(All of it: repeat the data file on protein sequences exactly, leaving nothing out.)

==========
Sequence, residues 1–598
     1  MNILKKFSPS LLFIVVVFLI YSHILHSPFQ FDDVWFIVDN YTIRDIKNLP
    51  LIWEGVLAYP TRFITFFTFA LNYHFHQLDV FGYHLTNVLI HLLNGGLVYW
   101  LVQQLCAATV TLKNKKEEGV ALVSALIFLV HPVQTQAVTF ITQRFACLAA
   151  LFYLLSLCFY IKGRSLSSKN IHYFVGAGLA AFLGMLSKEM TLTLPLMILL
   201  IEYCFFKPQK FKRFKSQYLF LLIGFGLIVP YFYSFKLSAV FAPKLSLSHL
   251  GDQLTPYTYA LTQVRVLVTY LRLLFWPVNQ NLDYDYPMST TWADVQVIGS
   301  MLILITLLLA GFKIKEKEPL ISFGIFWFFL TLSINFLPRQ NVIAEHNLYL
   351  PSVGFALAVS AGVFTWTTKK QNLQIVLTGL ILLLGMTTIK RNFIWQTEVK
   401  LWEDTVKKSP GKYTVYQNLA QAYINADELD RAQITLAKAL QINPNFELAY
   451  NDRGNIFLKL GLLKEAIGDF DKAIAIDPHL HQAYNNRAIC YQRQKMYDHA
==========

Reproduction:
Sequence, residues 1–598
     1  MNILKKFSPS LLFIVVVFLI YSHILHSPFQ FDDVWFIVDN YTIRDIKNLP
    51  LIWEGVLAYP TRFITFFTFA LNYHFHQLDV FGYHLTNVLI HLLNGGLVYW
   101  LVQQLCAATV TLKNKKEEGV ALVSALIFLV HPVQTQAVTF ITQRFACLAA
   151  LFYLLSLCFY IKGRSLSSKN IHYFVGAGLA AFLGMLSKEM TLTLPLMILL
   201  IEYCFFKPQK FKRFKSQYLF LLIGFGLIVP YFYSFKLSAV FAPKLSLSHL
   251  GDQLTPYTYA LTQVRVLVTY LRLLFWPVNQ NLDYDYPMST TWADVQVIGS
   301  MLILITLLLA GFKIKEKEPL ISFGIFWFFL TLSINFLPRQ NVIAEHNLYL
   351  PSVGFALAVS AGVFTWTTKK QNLQIVLTGL ILLLGMTTIK RNFIWQTEVK
   401  LWEDTVKKSP GKYTVYQNLA QAYINADELD RAQITLAKAL QINPNFELAY
   451  NDRGNIFLKL GLLKEAIGDF DKAIAIDPHL HQAYNNRAIC YQRQKMYDHA